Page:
Page 178. " Cholera had arrived in the Acre "
The Broadwick Street Pump, with the John Snow pub in the background
Creative Commons Attribution Share AlikeThe Broadwick Street Pump, with the John Snow pub in the background - Credit: Justinc

 Cholera is a highly infectious disease which kills its victims through dehydration. Its main symptoms are severe diarrhoea, vomiting and stomach pain; a sufferer can lose many litres of fluid a day. It is known as a disease of poor sanitation. During the first half of the nineteenth century, London was an extremely unhealthy place to live (see bookmark to Page 356, " the open sewer of the Thames ") and cholera epidemics were frequent.

In 1854 the cholera outbreak around Broad Street, Soho, led to over 500 deaths, but resulted in a breakthrough in the understanding of the spread of the disease. Dr John Snow traced the source of the outbreak to the Broad Street pump. Although he could not explain exactly why the pump was to blame, he persuaded the authorities to disable it, preventing the further spread of the disease. It was later discovered that the pump had been dug only three feet from a cesspit which was leaking contaminated water. A memorial pump stands on Broad Street, now called Broadwick Street, in honour of John Snow's discovery.

Page 185. " Let's go across the road to Tattersall's "


Tattersall's is the leading horse auctioneers in the United Kingdom. During the nineteenth century its premises in Hyde Park Corner became a popular place for members of the upper classes to socialise and make contacts. It was founded by Richard Tattersall in 1766.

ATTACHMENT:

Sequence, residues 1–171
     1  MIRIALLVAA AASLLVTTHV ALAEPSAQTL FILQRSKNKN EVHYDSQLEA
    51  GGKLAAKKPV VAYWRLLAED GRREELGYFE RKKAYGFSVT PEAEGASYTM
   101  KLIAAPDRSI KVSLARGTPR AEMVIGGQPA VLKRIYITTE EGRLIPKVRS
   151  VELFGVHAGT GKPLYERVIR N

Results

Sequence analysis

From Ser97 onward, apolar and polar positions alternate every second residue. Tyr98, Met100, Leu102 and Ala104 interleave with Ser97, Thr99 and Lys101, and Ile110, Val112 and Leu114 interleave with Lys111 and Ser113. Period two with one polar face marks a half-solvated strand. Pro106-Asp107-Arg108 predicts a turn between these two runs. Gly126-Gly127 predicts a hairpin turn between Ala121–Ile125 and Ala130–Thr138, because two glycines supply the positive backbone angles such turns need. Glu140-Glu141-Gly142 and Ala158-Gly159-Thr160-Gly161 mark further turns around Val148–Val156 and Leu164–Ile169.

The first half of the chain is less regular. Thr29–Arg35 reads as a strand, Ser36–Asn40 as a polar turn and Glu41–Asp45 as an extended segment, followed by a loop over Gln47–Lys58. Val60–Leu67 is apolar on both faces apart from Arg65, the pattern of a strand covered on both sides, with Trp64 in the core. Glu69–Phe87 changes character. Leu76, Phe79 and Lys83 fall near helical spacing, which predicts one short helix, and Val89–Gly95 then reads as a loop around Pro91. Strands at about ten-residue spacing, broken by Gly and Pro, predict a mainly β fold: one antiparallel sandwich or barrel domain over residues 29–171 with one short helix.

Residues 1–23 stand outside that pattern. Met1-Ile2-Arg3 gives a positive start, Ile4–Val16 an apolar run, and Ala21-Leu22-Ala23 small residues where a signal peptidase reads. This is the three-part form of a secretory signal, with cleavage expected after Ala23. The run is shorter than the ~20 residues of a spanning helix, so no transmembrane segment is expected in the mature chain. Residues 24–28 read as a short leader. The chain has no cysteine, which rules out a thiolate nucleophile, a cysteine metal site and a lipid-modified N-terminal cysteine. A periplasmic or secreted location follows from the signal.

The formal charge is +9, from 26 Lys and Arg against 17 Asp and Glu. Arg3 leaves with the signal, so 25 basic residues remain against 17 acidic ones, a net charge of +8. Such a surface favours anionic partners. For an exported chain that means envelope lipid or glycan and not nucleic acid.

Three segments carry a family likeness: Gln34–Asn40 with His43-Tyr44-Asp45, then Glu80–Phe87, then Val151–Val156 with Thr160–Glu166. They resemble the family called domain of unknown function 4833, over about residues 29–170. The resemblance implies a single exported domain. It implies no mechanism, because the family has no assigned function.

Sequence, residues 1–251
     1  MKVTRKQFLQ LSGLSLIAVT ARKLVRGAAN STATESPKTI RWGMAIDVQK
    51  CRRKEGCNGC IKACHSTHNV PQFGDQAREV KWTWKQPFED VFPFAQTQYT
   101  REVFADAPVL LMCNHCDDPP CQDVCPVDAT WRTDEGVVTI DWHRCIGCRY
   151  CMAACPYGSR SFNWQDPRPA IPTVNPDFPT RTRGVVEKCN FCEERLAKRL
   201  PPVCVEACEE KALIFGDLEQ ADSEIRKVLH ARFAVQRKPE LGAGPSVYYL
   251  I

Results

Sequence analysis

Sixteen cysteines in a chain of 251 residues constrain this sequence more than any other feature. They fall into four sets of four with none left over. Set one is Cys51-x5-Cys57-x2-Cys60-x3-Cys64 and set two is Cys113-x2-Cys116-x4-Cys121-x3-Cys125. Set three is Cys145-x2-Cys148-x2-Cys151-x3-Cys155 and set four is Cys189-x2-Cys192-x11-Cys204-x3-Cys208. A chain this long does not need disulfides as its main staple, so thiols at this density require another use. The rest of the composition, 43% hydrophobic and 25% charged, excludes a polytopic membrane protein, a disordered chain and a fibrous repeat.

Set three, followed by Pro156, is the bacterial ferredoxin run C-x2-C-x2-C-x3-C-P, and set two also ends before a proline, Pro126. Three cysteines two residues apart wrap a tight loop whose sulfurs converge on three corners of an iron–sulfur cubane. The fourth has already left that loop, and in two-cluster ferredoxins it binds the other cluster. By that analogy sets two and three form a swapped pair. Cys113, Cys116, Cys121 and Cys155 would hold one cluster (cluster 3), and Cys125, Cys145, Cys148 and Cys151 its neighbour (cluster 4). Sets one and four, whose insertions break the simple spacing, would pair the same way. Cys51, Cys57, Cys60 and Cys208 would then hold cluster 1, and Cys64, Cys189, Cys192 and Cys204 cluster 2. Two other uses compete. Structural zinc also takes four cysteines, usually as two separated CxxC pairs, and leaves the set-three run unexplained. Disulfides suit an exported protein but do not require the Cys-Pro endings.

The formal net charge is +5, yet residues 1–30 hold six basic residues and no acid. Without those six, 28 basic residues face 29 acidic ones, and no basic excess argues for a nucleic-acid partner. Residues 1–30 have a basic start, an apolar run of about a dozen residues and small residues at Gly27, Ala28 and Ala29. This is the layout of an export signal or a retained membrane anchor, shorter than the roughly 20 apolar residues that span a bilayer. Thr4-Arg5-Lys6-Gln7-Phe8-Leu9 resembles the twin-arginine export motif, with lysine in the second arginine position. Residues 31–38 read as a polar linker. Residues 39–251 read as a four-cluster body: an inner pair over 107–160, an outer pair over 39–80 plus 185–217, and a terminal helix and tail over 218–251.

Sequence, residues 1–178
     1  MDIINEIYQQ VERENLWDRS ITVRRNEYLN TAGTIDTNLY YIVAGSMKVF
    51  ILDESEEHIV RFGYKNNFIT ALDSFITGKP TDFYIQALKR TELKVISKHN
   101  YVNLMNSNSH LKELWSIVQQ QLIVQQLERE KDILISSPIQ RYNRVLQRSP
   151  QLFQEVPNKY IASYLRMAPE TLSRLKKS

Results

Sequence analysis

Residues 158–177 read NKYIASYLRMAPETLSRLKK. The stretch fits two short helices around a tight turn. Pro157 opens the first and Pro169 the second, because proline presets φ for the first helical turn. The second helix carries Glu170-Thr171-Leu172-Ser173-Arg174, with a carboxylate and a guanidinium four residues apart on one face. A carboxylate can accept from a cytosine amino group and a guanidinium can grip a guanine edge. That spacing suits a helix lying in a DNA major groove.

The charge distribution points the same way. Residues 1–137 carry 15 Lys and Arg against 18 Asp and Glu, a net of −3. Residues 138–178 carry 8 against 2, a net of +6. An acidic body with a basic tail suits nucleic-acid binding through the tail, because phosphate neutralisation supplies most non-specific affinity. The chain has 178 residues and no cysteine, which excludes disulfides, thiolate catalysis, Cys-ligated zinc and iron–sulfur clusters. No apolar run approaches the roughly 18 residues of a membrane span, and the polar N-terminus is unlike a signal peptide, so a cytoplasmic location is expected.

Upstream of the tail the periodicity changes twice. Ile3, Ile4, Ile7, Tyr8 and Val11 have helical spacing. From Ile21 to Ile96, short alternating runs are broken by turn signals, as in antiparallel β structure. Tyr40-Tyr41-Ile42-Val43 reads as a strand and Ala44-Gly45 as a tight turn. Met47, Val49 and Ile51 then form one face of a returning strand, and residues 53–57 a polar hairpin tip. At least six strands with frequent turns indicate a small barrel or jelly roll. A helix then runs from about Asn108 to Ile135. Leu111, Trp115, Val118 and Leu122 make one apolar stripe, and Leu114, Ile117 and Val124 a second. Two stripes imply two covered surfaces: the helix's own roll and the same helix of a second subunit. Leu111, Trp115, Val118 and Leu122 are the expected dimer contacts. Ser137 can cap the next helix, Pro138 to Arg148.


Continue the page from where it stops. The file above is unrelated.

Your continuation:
Page 190. " A great cheer sounded over at the base of Nelson's Column "
Nelson's Column
Creative Commons Attribution Share AlikeNelson's Column - Credit: Diliff

 Nelson's Column in Trafalgar Square was built between 1840 and 1843 to commemorate Admiral Nelson's victory and death at the Battle of Trafalgar. It is 151 feet tall, with an 18 foot statue of Nelson on top, facing south towards where HMS Victory is docked in Portsmouth. The column was designed by William Railton, and the statue was sculpted by E.H. Baily.

Page 190. " towards the main pediment of the National Gallery "
The National Gallery, Trafalgar Square
Creative Commons Attribution Share AlikeThe National Gallery, Trafalgar Square - Credit: Mike Peel


The National Gallery in London dates from 1824. The present building dates from 1832-8, and houses over two thousand works of art, spanning a period from c.1250-1900. Before it moved to Trafalgar Square, the National Gallery was housed in a small townhouse in Pall Mall, which was a source of national embarrassment. Its new, far grander building was designed by William Wilkins, though it has been frequently expanded and altered since it was built.

Page 191. " A Goneril. A Medusa. "


Goneril is one of the king's daughters in Shakespeare’s King Lear. In the play, she and her sister Regan inherit their father's kingdom while he is still alive, and then proceed to treat him abysmally.

Medusa is a creature from Greek mythology, one of three Gorgon sisters with snakes for hair. Anyone who looked directly at her would be turned to stone, but Perseus managed to behead her by guiding himself with a mirrored shield.

Page 198. " about fifty yards from the Royal Observatory "



The Royal Observatory at Greenwich dates from 1675, when it was commissioned by King Charles II to advance the science of astronomy, primarily in order to solve the problem of longitude. The original building, Flamsteed House, was designed by Sir Christopher Wren. The site of the observatory has lent its name to Greenwich Mean Time, used by navigators to calculate longitude.

Longitude on Book Drum